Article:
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31 thoughts on “Ask or answer

  1. Is leibniz conception of God as Monad of monads consistent ? What about dominant monads? How are dominant monads and God able to control other monads if they themselves are windowless monads? Is leibniz cheating here ?

    1. Hi Lyn, I’m with Schrodinger in believing that Leibnitz was utterly wrong about monads. Not coincidentally (I would suggest) he seems to have been wrong in the same way that Kant was in respect of ‘things-in-themselves’. Both assume a multiplicity of fundamental ‘things’. This idea will never work. It might work if we say there is just one monad and just one ‘thing-in-itself’, but then these terms would need a lot of work.

      The idea that God is apart from the other monads and needs to control them is (in my opinion) very poor indeed. It would mean that God needs to be busy for all eternity. I don’t think Leibnitz (who I admire) was cheating but in this case I don’t think he was thinking clearly. .

  2. Greetings,

    I have a rather unorthodox question that requires the response of a philosopher. I am in a Marketing class for an online Masters degree program and in one of our discussion posts, a classmate made the statement that all people who love to shop are prone to impulse buying or will make emotionally driven purchases. My rebuttal was that just because a person loves to shop doesn’t mean that they do not take a strategic and logical approach and rationalize their purchases. I said that this statement is a fallacy for this reason as well as others. I added that some people who are on a budget or are frugal will strategically watch what they are spending their money on each month for food, entertainment, clothes etc so that they do not overspend or make impulse buys, but these individuals might love going to malls and love to shop. I added that the Quakers and others with strong faith in their higher power live very simple and structured lives where they do not succumb to temptations and desires of the flesh. But with that being said these individuals may have a deep desire to shop or have new things just like everyone else as we are all human. This person later changed all people to all women and tried to cite some study that was done to validate his point but it’s still not true because each person is wired differently and unique. I would like an answer with a little more substance. So please help! Thank you kindly!



    1. Well, Keith, you do have the right general idea, I think, you just need the technical terms and tools to back up your argument. Your interlocutor’s claim that “all people who love to shop are prone to impulse buying” is problematic. However, it does not appear to be a fallacy. Instead, I would say that it’s an untestable hypothesis.

      An argument (to misquote Monty Python’s Argument Clinic sketch) is a connected series of proposition intended to establish a definite conclusion. Many arguments fail to achieve this aim, for one reason or another. When philosophers notice a certain kind of bad argument cropping up again and again, we slap that kind of argument with a name, and that kind of argument becomes a fallacy – a recognized pattern of bad argumentation.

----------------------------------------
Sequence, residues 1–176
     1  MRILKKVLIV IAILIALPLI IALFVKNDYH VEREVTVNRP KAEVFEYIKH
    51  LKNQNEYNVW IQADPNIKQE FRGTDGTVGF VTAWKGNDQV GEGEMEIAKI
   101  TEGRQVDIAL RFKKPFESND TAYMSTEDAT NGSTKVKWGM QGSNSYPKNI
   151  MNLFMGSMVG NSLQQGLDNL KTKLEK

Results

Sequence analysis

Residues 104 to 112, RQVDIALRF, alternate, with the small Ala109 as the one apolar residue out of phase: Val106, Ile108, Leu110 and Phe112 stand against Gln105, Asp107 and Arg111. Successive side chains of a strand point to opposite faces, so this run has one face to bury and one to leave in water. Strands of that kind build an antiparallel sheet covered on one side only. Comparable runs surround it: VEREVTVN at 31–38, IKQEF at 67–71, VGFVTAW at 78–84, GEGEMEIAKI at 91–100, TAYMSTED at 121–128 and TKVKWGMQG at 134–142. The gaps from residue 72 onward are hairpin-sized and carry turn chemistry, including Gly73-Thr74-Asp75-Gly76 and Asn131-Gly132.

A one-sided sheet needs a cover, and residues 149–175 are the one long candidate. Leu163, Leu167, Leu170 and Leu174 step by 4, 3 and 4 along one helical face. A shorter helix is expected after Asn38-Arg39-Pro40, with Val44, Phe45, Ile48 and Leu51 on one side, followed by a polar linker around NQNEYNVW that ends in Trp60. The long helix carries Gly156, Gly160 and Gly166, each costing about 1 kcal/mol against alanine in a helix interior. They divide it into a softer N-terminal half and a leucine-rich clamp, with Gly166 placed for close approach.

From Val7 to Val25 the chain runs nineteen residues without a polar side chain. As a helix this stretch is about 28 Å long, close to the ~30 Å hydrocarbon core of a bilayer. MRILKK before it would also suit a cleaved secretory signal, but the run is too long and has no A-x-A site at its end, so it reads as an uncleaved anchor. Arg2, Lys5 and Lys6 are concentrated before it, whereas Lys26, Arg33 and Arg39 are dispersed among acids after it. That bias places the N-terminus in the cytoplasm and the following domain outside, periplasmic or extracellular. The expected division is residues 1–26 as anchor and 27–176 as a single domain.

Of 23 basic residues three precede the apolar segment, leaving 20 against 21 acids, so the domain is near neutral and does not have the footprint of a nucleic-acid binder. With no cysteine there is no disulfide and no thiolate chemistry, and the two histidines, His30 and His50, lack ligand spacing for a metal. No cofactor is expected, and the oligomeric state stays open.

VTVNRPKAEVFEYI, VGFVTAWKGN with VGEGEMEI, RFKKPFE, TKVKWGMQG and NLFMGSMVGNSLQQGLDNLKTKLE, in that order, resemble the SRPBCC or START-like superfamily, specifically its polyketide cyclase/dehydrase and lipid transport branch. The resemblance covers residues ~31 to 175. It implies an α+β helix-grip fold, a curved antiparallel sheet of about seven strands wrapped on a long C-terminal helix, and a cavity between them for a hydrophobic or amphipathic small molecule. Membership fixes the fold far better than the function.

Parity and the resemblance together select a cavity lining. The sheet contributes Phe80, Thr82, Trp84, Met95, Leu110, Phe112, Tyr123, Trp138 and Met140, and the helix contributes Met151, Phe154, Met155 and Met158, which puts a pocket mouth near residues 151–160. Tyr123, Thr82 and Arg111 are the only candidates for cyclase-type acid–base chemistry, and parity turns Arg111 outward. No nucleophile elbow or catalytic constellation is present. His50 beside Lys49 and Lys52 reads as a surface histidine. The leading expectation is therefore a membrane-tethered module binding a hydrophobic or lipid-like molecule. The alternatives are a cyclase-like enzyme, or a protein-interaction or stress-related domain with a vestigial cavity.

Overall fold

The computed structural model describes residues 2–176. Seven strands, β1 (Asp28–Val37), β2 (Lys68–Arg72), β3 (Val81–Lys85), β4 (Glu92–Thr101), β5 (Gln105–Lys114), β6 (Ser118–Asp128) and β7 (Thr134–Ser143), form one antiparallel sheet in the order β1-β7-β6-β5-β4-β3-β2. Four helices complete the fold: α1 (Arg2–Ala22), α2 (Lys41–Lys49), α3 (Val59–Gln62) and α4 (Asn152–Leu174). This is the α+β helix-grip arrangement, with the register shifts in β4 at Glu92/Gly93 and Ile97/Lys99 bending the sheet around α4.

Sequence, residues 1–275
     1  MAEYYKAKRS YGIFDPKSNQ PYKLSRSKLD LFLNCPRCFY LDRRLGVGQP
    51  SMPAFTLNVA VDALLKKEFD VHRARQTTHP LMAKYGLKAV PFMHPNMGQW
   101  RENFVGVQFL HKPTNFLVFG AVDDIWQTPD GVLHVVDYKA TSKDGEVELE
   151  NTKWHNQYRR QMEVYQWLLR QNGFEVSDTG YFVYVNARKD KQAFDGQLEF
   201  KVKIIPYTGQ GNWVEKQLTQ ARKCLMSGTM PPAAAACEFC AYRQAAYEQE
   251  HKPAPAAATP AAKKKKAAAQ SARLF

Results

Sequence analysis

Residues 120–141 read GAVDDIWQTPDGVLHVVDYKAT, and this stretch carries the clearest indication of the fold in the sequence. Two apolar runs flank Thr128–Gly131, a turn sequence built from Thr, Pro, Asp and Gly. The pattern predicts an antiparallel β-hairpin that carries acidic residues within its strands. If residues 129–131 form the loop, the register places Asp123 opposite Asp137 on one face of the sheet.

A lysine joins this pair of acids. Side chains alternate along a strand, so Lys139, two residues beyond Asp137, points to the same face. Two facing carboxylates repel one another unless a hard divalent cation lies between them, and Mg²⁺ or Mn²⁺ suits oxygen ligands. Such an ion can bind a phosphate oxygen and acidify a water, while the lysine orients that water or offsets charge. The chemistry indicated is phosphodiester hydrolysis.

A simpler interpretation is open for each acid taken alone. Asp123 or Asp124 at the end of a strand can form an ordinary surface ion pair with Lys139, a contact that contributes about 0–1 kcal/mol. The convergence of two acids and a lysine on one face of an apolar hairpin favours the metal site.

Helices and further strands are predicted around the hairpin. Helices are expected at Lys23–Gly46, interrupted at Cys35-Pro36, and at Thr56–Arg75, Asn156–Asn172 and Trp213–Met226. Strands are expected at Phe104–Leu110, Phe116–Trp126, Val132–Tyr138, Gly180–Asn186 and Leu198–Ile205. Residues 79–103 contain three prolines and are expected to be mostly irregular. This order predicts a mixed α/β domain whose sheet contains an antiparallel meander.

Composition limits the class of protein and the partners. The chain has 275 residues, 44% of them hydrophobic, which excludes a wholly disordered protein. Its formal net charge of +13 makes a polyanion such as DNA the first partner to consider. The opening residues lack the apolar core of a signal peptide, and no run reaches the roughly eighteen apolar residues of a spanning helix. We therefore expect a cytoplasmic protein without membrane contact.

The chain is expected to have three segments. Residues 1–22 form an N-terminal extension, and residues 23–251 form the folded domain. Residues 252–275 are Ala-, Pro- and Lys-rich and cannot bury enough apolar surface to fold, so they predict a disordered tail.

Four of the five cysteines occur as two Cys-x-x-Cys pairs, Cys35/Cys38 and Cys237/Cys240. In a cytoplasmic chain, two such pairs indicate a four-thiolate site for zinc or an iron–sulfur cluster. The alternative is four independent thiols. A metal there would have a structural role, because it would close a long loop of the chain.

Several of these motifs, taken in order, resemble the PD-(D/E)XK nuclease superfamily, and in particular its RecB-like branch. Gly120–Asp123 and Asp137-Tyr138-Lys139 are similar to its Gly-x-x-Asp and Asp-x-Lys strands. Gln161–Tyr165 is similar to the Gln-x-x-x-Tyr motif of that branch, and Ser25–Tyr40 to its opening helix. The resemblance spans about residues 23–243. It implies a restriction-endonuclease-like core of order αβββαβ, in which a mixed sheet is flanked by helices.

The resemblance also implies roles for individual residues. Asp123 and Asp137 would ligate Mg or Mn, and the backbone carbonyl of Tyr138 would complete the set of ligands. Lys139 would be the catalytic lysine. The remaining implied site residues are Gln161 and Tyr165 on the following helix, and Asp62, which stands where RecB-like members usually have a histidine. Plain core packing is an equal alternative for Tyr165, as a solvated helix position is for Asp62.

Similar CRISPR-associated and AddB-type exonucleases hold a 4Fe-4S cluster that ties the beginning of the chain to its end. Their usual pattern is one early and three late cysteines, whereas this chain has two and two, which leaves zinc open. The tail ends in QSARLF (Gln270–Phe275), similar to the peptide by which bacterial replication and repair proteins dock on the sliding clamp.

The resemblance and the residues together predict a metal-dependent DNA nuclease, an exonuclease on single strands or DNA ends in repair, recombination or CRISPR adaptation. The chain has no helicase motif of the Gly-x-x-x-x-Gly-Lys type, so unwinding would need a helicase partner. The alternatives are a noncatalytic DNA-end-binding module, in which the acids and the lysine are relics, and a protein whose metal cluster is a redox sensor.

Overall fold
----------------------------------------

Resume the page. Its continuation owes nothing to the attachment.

Your interlocutor’s claim is not a connected series of propositions intended to establish a conclusion. Instead, it’s simply a proposition standing off by itself. So, it’s not an argument, so it can’t be a fallacy. But you are right that there’s something hinky about it. (To use a technical term.) I would say that this claim is problematic because it’s not testable.

      “All Xs are Y” is a standard form a proposition can take. And while you might not be able to prove a proposition of this form is true, it’s fairly easy to disprove it – all you have to do is show at least one X that isn’t Y.

      However, your interlocutor isn’t claiming that “All people who love to shop are impulse buyers.” Instead, he is claiming that “All people who love to shop are prone to impulse buying.” This hypothesis is difficult to test, since this claim is consistent with the claim that there is at least one person who loves shopping but isn’t actually impulse buying.

      What “X is prone to Y” means, roughly speaking, is there is some feature of X that would ‘normally’ cause X to Y, but this causal connection can sometimes be defeated by some kind of external interference. To use one of your examples, a shopper might be prone to impulse buying, but is merely window shopping because they’re short on cash at the moment. It’s still the case that this person is prone to impulse buying, but there is something preventing them from impulse buying at the moment.

      All of this makes hypotheses about “tendencies” difficult to test. Let’s say that the scientists your interlocutor is quoting have observed a correlation: people who love to shop have a higher rate of impulse buying than some control group (say, people who don’t love to shop). This correlation isn’t perfect – not every person who loves to shop actually impulse buys. There are at least two ways of explaining this lack of perfect correlation. It could be that all shoppers are prone to impulse buying, but there is something extra going on in their cases that is preventing them from doing that. Or it could be that people who love shopping could be divided into sub-categories. Some shoppers might be people who love the thrill of impulse buying, while other shoppers just really love window shopping or people-watching, and are not prone to impulse buying.

      Both hypotheses equally fit the data. There is, presumably, some difference between the impulse buyers and non-impulse-buyers that causes the difference in outcome. (Assuming the difference isn’t just random noise.) The question is whether this difference is ‘external’ (individuals have the same basic nature, but are exposed to different external influences) or ‘internal’ (a difference in the natures of the individuals).

      Something similar could be said for the general claim that “all women tend to have property Y.” Let’s grant that all actual women have that property. But is the reason for this internal (having the property is just natural for women), or is it external (all women in our actual society receive the same cultural programming, which in turn causes them to have this property)?